John Frederick Fogerty

John Frederick Fogerty ARIBA (1863–1938), was an Irish architect and engineer active late 19th-century Limerick, London, Shropshire, Bournemouth, Pretoria, and Zambia.[1] Born in Limerick, he was the son of architect William Fogerty, grandson of architect and engineer John Fogerty (engineer), and nephew of engineer and novelist Joseph Fogerty.[1] He earned a bachelor's degree in engineering from Queen's College, Cork in 1883, and attended the South Kensington Art School the year later.[1] He was articled to Sir Thomas Drew. In 1889, he established his office at Wellington, Shropshire, and entered into partnership with Reginald George Pinder in Bournemouth in 1893, later amalgamating Pearce & Parnell of Bournemouth in 1902.[1] He emigrated to South Africa in 1914 and enlisted at the outbreak of the First World War, serving time in South Africa, the Isle of Wight, Palestine, and Poona, India. During the interwar period, he worked as an engineer in Pretoria's Public Works Department, before becoming borough surveyor in Lusaka, Zambia, in 1926, where he died in 1938.[1]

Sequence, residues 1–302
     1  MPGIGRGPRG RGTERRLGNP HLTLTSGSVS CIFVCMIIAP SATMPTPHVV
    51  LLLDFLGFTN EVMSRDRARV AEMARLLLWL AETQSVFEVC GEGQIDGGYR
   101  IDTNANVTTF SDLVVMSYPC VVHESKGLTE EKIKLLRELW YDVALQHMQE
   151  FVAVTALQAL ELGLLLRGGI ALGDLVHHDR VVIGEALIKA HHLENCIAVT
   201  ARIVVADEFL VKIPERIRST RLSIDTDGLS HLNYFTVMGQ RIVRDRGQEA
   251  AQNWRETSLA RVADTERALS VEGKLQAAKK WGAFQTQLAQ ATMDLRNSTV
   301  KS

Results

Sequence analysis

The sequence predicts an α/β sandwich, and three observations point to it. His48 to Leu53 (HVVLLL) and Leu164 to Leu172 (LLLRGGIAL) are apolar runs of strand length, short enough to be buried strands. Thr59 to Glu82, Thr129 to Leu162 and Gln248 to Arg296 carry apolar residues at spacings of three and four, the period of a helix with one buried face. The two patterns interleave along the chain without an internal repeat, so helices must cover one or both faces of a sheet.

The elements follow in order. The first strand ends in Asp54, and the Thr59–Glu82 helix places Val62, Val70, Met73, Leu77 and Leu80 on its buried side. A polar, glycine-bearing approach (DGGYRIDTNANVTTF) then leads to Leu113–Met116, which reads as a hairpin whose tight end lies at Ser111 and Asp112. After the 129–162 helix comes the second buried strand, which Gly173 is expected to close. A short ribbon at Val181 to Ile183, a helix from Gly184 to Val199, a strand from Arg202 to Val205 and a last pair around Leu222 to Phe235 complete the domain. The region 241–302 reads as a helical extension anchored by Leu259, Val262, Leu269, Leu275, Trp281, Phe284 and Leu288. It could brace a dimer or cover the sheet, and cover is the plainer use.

John Frederick Fogerty
NationalityBritish / Irish (United Kingdom of Great Britain and Ireland)
OccupationArchitect, Engineer, Borough surveyor, Veteran


His works include East Cliff Hall, Bournemouth (1897–1907) mansion for Merton and Annie Russell-Cotes.[1]


  1. ^ a b c d e f g h Irish Architectural Archive, Dictionary of Irish Architects 1720-1940.FOGERTY, FREDERICK JOSEPH(Accessed 12 Oct 2010)